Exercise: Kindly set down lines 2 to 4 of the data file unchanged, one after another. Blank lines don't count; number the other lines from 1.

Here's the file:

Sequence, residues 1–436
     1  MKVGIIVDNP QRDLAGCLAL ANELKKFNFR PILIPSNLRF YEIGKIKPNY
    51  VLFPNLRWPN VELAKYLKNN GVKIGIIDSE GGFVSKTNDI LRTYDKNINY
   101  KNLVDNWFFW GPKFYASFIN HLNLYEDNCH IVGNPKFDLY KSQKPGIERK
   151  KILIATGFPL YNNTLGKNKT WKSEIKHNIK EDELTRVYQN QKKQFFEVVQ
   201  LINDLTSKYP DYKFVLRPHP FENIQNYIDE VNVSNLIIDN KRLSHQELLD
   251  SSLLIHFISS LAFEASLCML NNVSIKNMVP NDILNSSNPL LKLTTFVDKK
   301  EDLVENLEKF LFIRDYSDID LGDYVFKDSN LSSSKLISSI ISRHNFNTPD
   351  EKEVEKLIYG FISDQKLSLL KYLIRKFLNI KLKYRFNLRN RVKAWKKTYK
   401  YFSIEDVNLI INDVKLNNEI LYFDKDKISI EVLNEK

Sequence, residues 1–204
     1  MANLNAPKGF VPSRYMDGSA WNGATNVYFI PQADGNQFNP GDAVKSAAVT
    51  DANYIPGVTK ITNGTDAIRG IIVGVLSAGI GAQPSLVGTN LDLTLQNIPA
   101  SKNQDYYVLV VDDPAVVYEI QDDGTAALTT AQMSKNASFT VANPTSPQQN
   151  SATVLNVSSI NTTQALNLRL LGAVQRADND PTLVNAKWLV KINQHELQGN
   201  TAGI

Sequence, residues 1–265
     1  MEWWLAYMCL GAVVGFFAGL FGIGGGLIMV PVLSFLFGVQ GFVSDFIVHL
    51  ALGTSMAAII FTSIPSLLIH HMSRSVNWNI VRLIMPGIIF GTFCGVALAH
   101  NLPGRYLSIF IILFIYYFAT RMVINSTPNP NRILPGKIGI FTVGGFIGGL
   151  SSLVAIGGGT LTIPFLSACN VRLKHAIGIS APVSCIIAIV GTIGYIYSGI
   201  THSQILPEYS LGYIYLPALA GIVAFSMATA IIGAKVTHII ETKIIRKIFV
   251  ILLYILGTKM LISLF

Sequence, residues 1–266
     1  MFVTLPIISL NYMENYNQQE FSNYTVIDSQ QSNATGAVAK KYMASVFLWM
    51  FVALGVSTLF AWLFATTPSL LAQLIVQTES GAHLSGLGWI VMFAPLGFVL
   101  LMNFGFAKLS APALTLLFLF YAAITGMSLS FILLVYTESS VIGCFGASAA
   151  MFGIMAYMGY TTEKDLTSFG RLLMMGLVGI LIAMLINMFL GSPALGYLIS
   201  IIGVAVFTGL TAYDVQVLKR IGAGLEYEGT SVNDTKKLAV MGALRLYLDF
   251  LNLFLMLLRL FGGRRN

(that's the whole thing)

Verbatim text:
     1  MKVGIIVDNP QRDLAGCLAL ANELKKFNFR PILIPSNLRF YEIGKIKPNY
    51  VLFPNLRWPN VELAKYLKNN GVKIGIIDSE GGFVSKTNDI LRTYDKNINY
   101  KNLVDNWFFW GPKFYASFIN HLNLYEDNCH IVGNPKFDLY KSQKPGIERK